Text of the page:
Consultant’s Corner: Coronavirus Financial Relief for Small Businesses

Coronavirus Financial Relief

Q: As a small business owner, what do I need to know right now regarding COVID-19 and financial relief for small businesses?

Small business owners should be aware of the Federal government’s pending Coronavirus Aid, Relief and Economic Security (CARES) Act, the SBA Economic Injury Disaster Loan program, and the Families First Coronavirus Response Act (FFCRA).

1. Coronavirus Aid, Relief and Economic Security (CARES) Act. The CARES Act, which was passed by the Congress and signed into law by the President on March 27th, 2020, includes provisions designed to provide financial assistance and relief to small businesses and workers impacted by the COVID-19 pandemic. The Act also includes provisions for cash payments (Recovery Rebates) to qualified individual income taxpayers.  You will want to familiarize yourself with the CARES Act’s various financial assistance and relief measures for small businesses and workers, including the Paycheck Protection Program, the expanded eligibility of the SBA’s Economic Injury Disaster Loan (EIDL) program and Emergency Economic Injury Disaster Loan (EIDL) Grants. You can review discussions on the CARES Act’s various provisions at the websites below:

Getting Cash For Your Small Business Through The CARES Act –

CARES Act: What’s In It for Small Businesses and Small Business Owners? – Schiff Hardin

President Trump Signs CARES Act into Law – Steptoe

2. SBA Economic Injury Disaster Loan program. As of Wednesday, all states and U.S. territories have requested the U.S. Small Business Administration (SBA) issue an official disaster declaration for their respective jurisdictions due to the COVID-19 outbreak. An SBA disaster declaration allows for SBA assistance in the form of SBA Economic Injury Disaster Loans to impacted small businesses in each state and territory. Businesses will need to provide a tax transcript, financial statements, and a profit and loss statement to apply for a loan under the SBA Economic Injury Disaster Loan program. Further information regarding the application process for Economic Injury Disaster Loan assistance will be released once a declaration is made.

For information and resources on the SBA’s Economic Injury Disaster Loan program and the other SBA loan programs that may be considerations for your business, you can review information and resources on the SBA loan programs at the websites below:

SBA Updates Criteria on States for Requesting Disaster Assistance Loans for Small Businesses Impacted by Coronavirus (COVID-19) – Press Release

SBA Coronavirus (COVID-19): Small Business Guidance & Loan Resources

Note that contrary to popular belief, the SBA does not provide loans, but merely provides loan guarantees on loans made by its lending partners (Banks, Community Development Organizations, Microlending Institutions and other lenders). There are several SBA loan programs, and the requirements for each program vary, but like other business loans, collateral, cash flow, credit history and personal guarantees are typical considerations with SBA guaranteed loans.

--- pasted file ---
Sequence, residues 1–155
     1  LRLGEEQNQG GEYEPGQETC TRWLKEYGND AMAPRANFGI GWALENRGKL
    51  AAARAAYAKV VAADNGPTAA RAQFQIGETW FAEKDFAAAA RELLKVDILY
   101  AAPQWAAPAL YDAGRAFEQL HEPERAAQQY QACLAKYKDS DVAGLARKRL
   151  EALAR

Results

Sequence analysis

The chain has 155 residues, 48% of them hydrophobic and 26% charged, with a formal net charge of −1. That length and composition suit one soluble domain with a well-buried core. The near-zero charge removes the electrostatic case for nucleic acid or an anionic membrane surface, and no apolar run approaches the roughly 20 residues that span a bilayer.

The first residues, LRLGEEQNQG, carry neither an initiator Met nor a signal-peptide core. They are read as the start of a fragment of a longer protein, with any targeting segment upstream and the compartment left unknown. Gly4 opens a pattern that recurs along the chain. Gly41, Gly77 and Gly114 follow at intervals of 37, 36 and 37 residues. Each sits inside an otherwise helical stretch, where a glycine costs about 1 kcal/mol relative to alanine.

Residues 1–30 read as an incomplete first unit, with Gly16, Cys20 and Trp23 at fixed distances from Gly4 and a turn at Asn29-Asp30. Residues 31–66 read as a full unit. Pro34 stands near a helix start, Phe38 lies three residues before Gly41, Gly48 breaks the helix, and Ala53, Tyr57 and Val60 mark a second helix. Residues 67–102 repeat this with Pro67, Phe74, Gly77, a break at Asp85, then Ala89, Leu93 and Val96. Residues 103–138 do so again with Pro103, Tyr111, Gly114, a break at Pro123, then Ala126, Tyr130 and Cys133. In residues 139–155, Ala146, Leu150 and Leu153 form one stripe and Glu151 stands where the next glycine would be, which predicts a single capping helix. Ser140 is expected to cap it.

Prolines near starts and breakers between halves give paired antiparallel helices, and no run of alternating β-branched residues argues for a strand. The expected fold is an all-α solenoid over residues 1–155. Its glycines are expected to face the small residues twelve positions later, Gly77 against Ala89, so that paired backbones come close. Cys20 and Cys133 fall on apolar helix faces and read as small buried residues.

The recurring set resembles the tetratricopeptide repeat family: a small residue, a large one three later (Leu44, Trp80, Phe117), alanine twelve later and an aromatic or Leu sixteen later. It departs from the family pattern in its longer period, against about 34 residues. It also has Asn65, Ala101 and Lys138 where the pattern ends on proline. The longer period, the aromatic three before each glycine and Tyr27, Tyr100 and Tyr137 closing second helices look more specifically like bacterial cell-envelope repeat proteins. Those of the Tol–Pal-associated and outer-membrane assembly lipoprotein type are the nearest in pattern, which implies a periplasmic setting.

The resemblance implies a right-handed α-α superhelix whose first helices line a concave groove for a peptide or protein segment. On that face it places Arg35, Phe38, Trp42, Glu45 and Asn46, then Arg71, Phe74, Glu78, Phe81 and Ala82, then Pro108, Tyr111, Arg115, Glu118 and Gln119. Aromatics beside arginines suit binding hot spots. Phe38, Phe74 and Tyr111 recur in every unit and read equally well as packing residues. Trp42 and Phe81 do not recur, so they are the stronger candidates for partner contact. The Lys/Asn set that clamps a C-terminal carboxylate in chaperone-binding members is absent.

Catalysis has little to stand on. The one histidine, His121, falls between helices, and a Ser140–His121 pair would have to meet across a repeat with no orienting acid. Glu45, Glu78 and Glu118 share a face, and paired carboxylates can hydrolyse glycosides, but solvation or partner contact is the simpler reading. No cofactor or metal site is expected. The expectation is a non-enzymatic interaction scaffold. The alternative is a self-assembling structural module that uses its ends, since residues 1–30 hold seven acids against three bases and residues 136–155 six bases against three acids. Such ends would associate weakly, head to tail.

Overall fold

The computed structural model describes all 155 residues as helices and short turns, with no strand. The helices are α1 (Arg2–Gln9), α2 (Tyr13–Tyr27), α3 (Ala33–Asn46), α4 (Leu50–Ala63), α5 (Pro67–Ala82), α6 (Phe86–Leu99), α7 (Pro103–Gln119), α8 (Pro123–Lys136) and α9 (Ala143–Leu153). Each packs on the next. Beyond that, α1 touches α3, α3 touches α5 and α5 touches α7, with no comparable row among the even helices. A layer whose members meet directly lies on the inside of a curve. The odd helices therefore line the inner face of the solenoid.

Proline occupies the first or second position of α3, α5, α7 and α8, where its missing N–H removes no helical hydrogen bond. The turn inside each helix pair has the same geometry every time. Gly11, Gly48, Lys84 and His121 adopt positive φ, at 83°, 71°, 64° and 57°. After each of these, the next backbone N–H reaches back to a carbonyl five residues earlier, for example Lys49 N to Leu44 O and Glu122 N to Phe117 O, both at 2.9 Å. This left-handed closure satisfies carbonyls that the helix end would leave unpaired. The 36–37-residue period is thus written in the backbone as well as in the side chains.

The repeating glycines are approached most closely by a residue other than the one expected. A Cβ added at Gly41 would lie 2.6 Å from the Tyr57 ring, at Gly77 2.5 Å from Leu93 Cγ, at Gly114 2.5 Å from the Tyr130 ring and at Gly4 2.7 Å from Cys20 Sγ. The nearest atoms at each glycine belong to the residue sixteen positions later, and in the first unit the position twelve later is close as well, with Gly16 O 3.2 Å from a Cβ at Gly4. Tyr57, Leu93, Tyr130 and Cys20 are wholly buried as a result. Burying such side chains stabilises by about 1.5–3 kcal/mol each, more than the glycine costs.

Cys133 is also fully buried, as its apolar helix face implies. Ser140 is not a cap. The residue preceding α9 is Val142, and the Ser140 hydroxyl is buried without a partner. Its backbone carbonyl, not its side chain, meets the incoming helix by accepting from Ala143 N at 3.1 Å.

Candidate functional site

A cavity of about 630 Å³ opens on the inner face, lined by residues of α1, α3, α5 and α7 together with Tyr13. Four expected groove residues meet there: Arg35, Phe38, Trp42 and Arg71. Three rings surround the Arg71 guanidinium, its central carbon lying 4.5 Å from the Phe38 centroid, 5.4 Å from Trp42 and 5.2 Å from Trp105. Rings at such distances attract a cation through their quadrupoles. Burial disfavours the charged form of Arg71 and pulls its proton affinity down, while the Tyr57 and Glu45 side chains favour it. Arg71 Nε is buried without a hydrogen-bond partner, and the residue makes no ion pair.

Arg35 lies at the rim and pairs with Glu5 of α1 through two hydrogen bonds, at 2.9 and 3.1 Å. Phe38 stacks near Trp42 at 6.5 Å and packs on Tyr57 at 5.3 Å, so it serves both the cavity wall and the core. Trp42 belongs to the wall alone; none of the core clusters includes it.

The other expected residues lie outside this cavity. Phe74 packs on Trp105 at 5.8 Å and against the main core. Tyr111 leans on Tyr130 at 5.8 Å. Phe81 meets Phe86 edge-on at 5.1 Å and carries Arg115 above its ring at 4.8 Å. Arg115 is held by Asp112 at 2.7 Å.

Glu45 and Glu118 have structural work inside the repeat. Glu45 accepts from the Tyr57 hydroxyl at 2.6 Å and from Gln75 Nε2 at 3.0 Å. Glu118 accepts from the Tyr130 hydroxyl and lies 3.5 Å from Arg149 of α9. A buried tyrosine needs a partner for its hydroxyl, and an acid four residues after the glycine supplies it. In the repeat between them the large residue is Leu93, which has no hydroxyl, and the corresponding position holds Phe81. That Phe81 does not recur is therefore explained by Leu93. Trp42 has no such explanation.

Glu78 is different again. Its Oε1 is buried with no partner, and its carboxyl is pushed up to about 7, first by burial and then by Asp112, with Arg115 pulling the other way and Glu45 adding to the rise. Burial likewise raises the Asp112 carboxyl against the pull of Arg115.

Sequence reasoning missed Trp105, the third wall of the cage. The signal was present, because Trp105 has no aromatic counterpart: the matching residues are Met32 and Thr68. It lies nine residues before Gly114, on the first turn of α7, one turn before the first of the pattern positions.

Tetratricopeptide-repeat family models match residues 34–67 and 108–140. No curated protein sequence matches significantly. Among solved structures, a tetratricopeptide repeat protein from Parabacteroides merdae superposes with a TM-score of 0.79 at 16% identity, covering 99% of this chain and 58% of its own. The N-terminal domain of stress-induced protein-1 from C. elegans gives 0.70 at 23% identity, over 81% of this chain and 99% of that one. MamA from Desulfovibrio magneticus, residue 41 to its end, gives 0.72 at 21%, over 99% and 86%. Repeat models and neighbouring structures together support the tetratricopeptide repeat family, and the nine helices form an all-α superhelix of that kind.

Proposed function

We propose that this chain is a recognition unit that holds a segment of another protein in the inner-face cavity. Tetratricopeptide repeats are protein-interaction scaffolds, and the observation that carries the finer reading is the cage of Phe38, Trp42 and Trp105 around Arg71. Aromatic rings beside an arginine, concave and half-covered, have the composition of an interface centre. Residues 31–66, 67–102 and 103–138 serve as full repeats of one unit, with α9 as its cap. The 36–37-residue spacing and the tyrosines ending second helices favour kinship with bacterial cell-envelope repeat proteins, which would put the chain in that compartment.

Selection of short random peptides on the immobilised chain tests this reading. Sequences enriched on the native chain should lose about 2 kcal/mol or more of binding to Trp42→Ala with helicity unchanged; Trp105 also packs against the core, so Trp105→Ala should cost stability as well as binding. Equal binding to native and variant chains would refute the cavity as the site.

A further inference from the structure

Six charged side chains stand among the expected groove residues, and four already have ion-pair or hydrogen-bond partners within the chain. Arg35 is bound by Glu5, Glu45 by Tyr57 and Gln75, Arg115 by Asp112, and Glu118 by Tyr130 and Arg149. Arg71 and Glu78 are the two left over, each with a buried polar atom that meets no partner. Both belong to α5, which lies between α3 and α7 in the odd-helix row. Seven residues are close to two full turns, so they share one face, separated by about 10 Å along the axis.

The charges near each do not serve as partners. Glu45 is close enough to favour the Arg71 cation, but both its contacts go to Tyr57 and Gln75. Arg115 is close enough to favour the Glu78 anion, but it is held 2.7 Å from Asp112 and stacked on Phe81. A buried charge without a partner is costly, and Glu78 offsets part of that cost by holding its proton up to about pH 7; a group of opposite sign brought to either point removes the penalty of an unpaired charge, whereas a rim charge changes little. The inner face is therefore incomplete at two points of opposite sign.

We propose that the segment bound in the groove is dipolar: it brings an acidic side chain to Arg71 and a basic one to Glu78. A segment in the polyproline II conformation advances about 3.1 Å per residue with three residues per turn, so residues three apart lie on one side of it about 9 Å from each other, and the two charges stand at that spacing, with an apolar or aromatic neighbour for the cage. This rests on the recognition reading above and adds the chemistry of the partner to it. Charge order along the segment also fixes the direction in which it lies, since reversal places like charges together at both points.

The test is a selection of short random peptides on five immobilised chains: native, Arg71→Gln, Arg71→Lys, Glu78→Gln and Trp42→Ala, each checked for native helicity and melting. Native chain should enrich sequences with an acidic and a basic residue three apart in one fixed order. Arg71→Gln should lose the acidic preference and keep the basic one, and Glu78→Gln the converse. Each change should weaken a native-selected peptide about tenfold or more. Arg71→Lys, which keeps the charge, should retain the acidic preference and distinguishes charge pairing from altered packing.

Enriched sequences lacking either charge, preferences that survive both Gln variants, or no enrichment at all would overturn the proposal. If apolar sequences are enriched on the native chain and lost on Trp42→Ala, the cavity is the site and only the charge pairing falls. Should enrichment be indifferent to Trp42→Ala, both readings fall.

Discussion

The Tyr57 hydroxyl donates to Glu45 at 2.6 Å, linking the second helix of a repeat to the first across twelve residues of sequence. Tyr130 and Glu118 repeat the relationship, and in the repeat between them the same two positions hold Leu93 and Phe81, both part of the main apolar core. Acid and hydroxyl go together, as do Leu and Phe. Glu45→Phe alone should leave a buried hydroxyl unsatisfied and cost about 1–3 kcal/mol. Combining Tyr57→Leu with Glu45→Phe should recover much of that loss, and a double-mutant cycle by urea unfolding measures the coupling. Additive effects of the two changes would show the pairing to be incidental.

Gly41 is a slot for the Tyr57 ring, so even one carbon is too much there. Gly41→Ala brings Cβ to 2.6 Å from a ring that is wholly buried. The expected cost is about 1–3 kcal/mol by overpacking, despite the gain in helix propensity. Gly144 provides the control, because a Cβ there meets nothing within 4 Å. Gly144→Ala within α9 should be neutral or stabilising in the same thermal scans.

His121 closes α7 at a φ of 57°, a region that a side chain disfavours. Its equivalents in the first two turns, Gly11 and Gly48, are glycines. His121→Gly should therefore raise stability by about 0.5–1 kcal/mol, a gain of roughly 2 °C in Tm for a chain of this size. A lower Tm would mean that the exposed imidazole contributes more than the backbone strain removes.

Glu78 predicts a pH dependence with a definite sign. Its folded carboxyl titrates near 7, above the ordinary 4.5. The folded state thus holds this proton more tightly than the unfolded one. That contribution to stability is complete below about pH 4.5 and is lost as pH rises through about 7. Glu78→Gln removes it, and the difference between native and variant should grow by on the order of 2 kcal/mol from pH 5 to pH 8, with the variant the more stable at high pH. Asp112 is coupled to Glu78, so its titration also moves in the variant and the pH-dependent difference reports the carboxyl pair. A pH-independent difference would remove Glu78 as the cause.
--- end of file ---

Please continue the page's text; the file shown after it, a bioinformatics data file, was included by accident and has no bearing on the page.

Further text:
3. Families First Coronavirus Response Act (FFCRA). The Families First Coronavirus Response Act (FFCRA), which was signed into law on March 18th, 2020, mandates that certain employers provide their employees with paid sick leave or expanded family and medical leave for specified reasons that relate to COVID-19. The paid sick leave and expanded family and medical leave provisions of the FFCRA apply to certain public and private employers that have less than 500 employees. Certain small businesses that have less than 50 employees may qualify for exemption from the requirement to provide paid time off due to school or child care closures if the paid time off would put the viability of the business at risk. Employers covered by FFCRA qualify for dollar-for-dollar reimbursement through tax credits for qualified wages paid in compliance with the FFCRA.

Self-employed individuals who are affected by the coronavirus outbreak can claim refundable tax credits against their federal income-tax bill that includes the self-employment tax due. While these tax credits won’t provide immediate cash assistance for self-employed individuals, they will lower their 2019 federal personal tax liabilities and potentially result in a tax refund on their 2019 Form 1040 (since the credits are refundable) provided a self-employed individual qualifies for them.

Guidance for eligible employers will be released next week, as early as Wednesday, April 1st, 2020. You can review paid, family, and sick leave compliance and pending tax credit information for small business owners using the resources provided below.

IRS News Release – March, 20th, 2020

IRS Coronavirus Tax Relief News

As these programs develop, we look forward to providing you with further information to assist you and your business during this unprecedented time.

Taylor Hughes

Taylor Hughes is a Small Business Consultant with and holds a Bachelor’s degree in Business Administration and Management from the University of Alabama. He has been part of the team since 2017. Taylor helped launch an outdoor recreation company near Yellowstone National Park, and has worked in logistics with John Deere.